Lent and soups have shared a connection on European tables for centuries. Here in New Orleans that link was strengthened when innovative Creole cooks incorporated American Indian ingredients, African techniques and Caribbean flavors. They turned meatless meals into powerhouses of taste and nutrition, using legumes, corn and other vegetables. Fish and shellfish stocked many fasting-day soups, but the 1901 Picayune’s Creole Cook Book lists 17 Lenten soups containing no meat or fish whatsoever. Instead, they relied on carrots, cabbage, parsnips, dried peas and beans, celery, lettuce, rice and lots of herbs.
A novelty soup that could go either way – vegetarian or seasoned by meat – stands today as the soup most identified with Lent: “gumbo z’herbes” (herb gumbo), also known as green gumbo. Its creation is attributed to the Creoles, who first served the soup during Holy Week. Peculiar to New Orleans and labeled a gumbo, it is made of at least seven different greens. However, the more greens, the merrier, because tradition says that for every green a cook puts into the gumbo, they’ll make a new friend that year.
Imagine the Creole cook starting her day early at the French Market, selecting from young cabbage, radish tops, turnip and mustard greens, spinach, watercress, parsley and green onion. They surely chose fresh herbs such as thyme and sweet marjoram, and if meats were a part of the preparation, veal brisket or lean ham. By noon a meal would be ready, served with rice and fresh French bread.
Okra is not an ingredient of most green gumbos. Nor did early cooks make a roux for them, but later recipes used one.
Some cooks used filé powder. Choctaw Indians made this thickening agent from young and tender sassafras leaves and also used it for medicinal purposes. The Creoles found other uses for it – such as in filé gumbo. Filé still is manufactured today and widely used in gumbo.
Gumbo z’herbes recipes beg for experimentation with different greens and herbs, with and without a roux. Consider the possibilities: turnip, mustard, dandelion and collard greens; kale; celery stalks and leaves; beet and carrot tops; chicory and more. In the springtime, fresh herbs are pushing up through the soil; these will not only add fragrance and flavor to the gumbo but run up the number of new friends.
1 bunch collard greens
1 bunch mustard greens
1 bunch turnip greens
1 bunch kale
1/2 cabbage, shredded
1 bunch beet tops
1 bunch carrot tops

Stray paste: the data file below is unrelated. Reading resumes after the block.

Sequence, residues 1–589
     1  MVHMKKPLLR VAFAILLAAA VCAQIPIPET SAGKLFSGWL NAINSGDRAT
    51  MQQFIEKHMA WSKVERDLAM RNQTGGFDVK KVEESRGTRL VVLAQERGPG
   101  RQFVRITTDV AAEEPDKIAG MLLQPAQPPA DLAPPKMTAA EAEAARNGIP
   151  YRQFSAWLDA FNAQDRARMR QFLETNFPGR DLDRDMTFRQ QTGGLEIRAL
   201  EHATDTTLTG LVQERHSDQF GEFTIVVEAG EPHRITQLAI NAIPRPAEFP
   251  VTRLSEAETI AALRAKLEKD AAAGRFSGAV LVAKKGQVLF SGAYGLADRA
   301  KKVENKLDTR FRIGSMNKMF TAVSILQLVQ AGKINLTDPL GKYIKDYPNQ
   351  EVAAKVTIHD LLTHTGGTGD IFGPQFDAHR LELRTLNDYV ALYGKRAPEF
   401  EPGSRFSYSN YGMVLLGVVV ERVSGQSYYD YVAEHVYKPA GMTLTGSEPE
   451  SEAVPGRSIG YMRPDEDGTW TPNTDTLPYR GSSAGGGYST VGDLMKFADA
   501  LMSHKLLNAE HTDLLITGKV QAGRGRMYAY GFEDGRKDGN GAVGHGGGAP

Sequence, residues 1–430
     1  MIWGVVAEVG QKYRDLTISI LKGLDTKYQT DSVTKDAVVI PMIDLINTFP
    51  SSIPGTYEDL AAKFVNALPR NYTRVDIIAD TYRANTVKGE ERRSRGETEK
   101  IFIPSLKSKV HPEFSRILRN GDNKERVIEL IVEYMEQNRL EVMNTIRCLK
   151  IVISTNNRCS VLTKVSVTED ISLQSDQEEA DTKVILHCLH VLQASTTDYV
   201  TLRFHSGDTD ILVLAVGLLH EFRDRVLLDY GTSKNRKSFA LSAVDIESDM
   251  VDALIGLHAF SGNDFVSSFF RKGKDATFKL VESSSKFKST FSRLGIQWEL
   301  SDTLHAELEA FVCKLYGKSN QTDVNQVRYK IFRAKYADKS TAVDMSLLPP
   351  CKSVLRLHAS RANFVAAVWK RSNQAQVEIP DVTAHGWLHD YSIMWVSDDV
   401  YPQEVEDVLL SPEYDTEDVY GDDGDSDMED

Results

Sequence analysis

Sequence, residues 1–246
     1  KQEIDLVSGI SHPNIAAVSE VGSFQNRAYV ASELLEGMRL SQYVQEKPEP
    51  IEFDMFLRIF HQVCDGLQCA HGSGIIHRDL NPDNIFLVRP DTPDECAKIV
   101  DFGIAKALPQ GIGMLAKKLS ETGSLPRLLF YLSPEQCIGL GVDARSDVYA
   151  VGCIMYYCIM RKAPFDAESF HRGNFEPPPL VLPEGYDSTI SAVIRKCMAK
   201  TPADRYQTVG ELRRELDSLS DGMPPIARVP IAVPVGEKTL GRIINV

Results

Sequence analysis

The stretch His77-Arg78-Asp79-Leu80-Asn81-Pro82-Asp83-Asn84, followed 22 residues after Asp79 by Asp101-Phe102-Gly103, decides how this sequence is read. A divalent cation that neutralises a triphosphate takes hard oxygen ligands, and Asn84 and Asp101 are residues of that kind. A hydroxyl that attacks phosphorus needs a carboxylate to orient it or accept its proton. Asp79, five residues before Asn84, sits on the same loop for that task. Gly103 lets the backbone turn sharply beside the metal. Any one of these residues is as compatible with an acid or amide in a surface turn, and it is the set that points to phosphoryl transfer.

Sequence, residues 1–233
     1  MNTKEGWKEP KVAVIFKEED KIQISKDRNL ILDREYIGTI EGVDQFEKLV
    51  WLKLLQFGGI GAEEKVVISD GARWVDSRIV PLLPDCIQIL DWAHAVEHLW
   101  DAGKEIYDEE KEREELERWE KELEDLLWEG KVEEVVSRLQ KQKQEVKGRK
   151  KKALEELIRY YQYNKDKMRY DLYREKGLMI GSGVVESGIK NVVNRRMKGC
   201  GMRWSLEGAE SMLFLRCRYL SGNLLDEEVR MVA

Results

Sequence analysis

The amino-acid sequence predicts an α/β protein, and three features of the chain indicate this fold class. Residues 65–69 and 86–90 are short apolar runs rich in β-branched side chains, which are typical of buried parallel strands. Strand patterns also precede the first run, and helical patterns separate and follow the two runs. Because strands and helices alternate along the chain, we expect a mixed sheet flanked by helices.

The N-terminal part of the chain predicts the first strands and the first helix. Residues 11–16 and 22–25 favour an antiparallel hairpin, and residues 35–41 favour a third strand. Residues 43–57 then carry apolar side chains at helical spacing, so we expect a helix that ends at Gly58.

1/2 bunch Italian flat-leaf parsley, leaves only
1 bunch watercress
1 bunch (or bag) spinach
1 bunch radish tops
1 bunch green onions, chopped, white and green
3/4 cup vegetable oil
1 cup flour
1 large onion, chopped
3 stalks celery with plenty leaves, chopped
2 cloves garlic, minced
1 pound andouille sausage (sliced) or smoked ham (cut in
chunks) or a combination*
Salt, pepper and Creole seasoning to taste, about
1/2 teaspoon each
3 bay leaves
1 teaspoon thyme leaves
1/4 teaspoon marjoram
2 quarts water or vegetable stock
Choose at least seven of the above greens. Rinse well, making sure that no soil, sand or insects cling to the leaves. Remove any coarse or tough ribs. Greens can be rinsed several times in a sink or leaf by leaf under running water. Roughly chop all and set aside.
In a large, heavy pot, make a medium-dark roux with oil and flour. Add chopped white onion and celery stalks and sauté until soft. Add garlic and sauté a minute longer. Add meat, seasonings, half the water or stock and the greens, including the green onion and celery tops, and cover and simmer for about 30 minutes, stirring occasionally. Add remaining stock and simmer for 1 1/2 more hours, stirring occasionally. Taste and adjust seasonings. Serve with cooked rice. Serves 8.
*Using meat is optional. Traditionally, the gumbo is made with meat except during Lent. When not using meat, seasonings and spices can be increased slightly, and might include a clove and sprinkle of allspice.
Cream of corn soup is another Lenten favorite. Creoles often added eggs, but today’s chefs might prepare the soup with shrimp or crab meat. However, the soup is tasty without these enhancements and is made thick simply by scraping the corncobs.
8 ears corn, yellow or white
2 tablespoons butter
1 onion, chopped
4 cups vegetable broth
Pinch of Italian seasoning
Salt and pepper to taste
1 cup half-and-half
Remove shucks and silk from corn. With a sharp knife, slice off half the kernels into a large bowl or plate. With a dull knife, scrape the rest of the corn from the kernels. Set aside.
Melt butter and sauté onion in a medium-size heavy pot. Add corn, broth and seasonings, and cover and simmer for 15 minutes. Remove 1 cup of the soup and puree in a blender. Return to the pot along with half-and-half. Heat to serve but do not boil. Serves 4.
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